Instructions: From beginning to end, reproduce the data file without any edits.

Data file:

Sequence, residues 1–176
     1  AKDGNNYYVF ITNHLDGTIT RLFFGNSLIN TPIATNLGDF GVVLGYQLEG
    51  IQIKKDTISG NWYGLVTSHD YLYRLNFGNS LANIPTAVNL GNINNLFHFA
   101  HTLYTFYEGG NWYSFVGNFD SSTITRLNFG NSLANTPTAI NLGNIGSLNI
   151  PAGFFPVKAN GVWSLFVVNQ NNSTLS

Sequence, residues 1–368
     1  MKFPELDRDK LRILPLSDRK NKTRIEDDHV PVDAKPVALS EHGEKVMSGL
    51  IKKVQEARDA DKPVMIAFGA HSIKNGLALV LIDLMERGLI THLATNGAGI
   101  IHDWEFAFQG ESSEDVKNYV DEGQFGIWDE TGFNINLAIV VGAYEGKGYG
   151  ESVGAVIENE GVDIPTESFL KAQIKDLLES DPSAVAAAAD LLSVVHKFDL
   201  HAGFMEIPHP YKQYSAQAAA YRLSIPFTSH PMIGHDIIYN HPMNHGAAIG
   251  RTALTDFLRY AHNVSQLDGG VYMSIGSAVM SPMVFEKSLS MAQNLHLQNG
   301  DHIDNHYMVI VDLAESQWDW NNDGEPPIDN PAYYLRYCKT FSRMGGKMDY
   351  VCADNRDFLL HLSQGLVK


Sequence, residues 1–176
     1  AKDGNNYYVF ITNHLDGTIT RLFFGNSLIN TPIATNLGDF GVVLGYQLEG
    51  IQIKKDTISG NWYGLVTSHD YLYRLNFGNS LANIPTAVNL GNINNLFHFA
   101  HTLYTFYEGG NWYSFVGNFD SSTITRLNFG NSLANTPTAI NLGNIGSLNI
   151  PAGFFPVKAN GVWSLFVVNQ NNSTLS

Sequence, residues 1–368
     1  MKFPELDRDK LRILPLSDRK NKTRIEDDHV PVDAKPVALS EHGEKVMSGL
    51  IKKVQEARDA DKPVMIAFGA HSIKNGLALV LIDLMERGLI THLATNGAGI
   101  IHDWEFAFQG ESSEDVKNYV DEGQFGIWDE TGFNINLAIV VGAYEGKGYG
   151  ESVGAVIENE GVDIPTESFL KAQIKDLLES DPSAVAAAAD LLSVVHKFDL
   201  HAGFMEIPHP YKQYSAQAAA YRLSIPFTSH PMIGHDIIYN HPMNHGAAIG
   251  RTALTDFLRY AHNVSQLDGG VYMSIGSAVM SPMVFEKSLS MAQNLHLQNG
   301  DHIDNHYMVI VDLAESQWDW NNDGEPPIDN PAYYLRYCKT FSRMGGKMDY
   351  VCADNRDFLL HLSQGLVK